On May 2, the Parliament of Georgia heard a report from Interior Minister Giorgi Gakharia on implementation of the Government’s program priorities for 2018.
Gakharia focused in his introductory remarks on changes implemented in the ministry, involving a number of structural, functional and legislative reforms of Criminal, Patrol and Border Police.
Gakharia informed that the Interior Ministry has started piloting the criminal police reform in Tbilisi, which entails division of functions into investigative, operative and community police units.
The Minister also highlighted the new road safety action plan for 2019, which includes a number of measures for tightening traffic enforcement on roads. Gakharia noted that patrol police crews will need to be increased for dealing with growing traffic intensity.
Gakharia spoke on international police cooperation as well. The Minister reported that a total of 166 Georgian citizens, including ten criminal bosses, were arrested in various European countries since January 2018, in cooperation with the Georgian police.
He also spoke on “attempts to discredit” the police and the police officers, saying such attempts have become regular recently. “The police is an absolutely non-partisan and effective institution… we all should remember that it belongs to everyone, and we should all care about its reputation,” he said.
Gakharia also touched upon “certain attempts” to limit the scope and area of the police work. “No one will ever be able to restrict lawful police actions on the entire territory that falls under Georgia’s jurisdiction,” he noted.
Most of the questions in the Q&A session were concerning the Pankisi gorge clashes and the controversy surrounding the David Gareji Monastery. The lawmakers raised a number of other issues, including on crime rates, Khorava street murder, death of Ia Kerzaia and Machalikashvili murder case.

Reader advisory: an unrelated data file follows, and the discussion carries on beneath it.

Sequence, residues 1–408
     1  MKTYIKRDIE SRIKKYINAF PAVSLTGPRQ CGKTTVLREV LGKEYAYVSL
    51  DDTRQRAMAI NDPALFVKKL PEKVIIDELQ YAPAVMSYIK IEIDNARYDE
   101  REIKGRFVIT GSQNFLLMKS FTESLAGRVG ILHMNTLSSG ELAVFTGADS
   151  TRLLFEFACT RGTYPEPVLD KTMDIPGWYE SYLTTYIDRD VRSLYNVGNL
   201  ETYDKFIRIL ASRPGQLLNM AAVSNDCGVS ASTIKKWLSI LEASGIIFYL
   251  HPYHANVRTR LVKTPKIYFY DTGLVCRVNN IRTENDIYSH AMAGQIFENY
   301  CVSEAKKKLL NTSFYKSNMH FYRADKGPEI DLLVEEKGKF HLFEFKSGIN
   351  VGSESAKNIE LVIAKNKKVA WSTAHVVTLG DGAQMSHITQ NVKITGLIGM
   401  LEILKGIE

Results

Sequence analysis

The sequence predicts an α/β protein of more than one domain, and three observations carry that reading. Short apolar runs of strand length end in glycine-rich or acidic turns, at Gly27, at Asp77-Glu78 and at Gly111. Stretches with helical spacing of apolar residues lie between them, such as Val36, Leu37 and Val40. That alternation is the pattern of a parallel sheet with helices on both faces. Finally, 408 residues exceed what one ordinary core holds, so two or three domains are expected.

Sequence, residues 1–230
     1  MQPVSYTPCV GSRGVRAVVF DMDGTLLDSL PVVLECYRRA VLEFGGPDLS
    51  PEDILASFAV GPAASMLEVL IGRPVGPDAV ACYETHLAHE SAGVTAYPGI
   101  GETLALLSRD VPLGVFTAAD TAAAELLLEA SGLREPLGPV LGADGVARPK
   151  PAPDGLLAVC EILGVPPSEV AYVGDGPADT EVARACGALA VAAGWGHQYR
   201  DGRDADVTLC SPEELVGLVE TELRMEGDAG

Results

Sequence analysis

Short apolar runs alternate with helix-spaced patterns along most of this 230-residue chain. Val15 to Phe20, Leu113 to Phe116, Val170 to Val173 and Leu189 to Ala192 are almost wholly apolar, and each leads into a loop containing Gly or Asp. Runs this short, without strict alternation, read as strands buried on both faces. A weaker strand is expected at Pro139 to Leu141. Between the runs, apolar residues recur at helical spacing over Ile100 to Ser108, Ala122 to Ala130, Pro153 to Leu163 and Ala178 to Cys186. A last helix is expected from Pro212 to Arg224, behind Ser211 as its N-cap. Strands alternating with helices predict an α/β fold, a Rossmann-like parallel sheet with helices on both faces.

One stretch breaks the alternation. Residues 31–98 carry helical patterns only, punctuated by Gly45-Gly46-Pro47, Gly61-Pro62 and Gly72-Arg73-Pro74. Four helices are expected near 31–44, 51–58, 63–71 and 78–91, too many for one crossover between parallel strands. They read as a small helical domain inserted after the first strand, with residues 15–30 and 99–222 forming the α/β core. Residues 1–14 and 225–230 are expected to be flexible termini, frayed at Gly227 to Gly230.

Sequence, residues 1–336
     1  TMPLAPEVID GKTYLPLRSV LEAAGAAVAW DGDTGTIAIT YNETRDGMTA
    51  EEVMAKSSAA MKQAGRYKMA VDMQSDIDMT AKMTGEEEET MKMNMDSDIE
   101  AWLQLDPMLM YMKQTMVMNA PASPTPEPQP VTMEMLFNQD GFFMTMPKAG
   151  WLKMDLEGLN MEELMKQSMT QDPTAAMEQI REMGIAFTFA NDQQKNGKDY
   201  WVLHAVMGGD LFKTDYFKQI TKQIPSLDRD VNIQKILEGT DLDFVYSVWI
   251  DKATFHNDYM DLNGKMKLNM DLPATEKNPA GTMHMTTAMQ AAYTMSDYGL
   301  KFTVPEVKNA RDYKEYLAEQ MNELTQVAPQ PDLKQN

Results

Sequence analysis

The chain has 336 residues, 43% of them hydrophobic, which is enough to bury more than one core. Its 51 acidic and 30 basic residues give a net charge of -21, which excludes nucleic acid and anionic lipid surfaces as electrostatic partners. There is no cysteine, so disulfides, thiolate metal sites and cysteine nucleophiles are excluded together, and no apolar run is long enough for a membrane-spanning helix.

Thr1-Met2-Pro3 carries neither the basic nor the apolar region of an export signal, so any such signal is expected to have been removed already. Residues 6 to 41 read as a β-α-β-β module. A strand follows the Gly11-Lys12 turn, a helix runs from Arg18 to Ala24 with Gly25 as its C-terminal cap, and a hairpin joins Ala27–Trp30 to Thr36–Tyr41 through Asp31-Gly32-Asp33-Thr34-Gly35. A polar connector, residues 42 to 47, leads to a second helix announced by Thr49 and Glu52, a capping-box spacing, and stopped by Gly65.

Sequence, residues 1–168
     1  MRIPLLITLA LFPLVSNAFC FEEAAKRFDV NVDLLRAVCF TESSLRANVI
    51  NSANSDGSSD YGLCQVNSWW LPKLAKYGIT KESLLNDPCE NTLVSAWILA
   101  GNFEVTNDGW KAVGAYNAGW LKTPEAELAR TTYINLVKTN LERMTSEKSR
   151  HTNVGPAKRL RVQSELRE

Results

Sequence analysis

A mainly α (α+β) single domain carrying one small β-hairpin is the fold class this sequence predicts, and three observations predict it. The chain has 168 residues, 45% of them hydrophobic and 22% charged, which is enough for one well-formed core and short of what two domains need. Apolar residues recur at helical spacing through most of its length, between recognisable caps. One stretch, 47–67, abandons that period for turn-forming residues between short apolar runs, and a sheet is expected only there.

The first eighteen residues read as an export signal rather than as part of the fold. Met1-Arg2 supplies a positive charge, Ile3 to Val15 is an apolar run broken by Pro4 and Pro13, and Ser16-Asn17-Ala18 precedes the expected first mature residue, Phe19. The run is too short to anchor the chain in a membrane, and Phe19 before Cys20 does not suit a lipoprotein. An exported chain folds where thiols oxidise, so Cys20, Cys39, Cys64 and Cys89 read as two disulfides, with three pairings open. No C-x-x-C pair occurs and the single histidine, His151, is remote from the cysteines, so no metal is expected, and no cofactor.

On Pankisi incident, Gakharia said there were “shortcomings” in risk assessment by various ministries that were engaged in talks with the local population, which led to “negative consequences” on April 21. He also stressed the riot police was deployed after locals acted “aggressively,” and solely for “defensive” purposes – to prevent confrontation between them and the construction workers.
Gakharia said the David Gareji issue is “very sensitive and delicate”– “a legacy of the Soviet Union.” He also stressed delimitation and demarcation is “an important matter” that needs to be dealt with urgently: “we will set a new composition of the demarcation commission and talks will begin with Azerbaijan… we need to try to close the issue once and for all.”
“We are sure that the issue will be addressed within the demarcation commission, and in the spirit of our strategic partnership with Azerbaijan, taking into consideration the interests of our cultural heritage and the [Orthodox] church,” he noted.
The Minister refrained from commenting on the Kerzaia and the Machalikashvili cases, saying the investigation is not carried out by the Interior Ministry.
Opposition lawmakers said the Interior Minister failed to respond to their questions.
MP Nika Melia of the United National Movement said: “It is unfortunate that the Interior Minister, one of the main political figures in the country, failed to respond to our queries.” “A minister who has no answers to any of the questions is dangerous for our statehood,” he added.
MP Elene Khoshtaria of the European Georgia echoed the sentiment, saying Gakharia evaded sensitive questions. “Let’s engage in a more in-depth discussion, and give more serious responses to questions that concern our society in the first place,” she noted.
Assessments were different in the Georgian Dream party. Majority leader Archil Talakvadze said the Interior Minister’s reform plans enjoy “full support” of the ruling party. He also pointed out that the opposition was pursuing “narrow” political agenda, and was not genuinely interested in police reforms.
Gakharia repeated these accusations in his recap statement, accusing the opposition of “politicizing” sensitive issues and capitalizing on personal tragedies.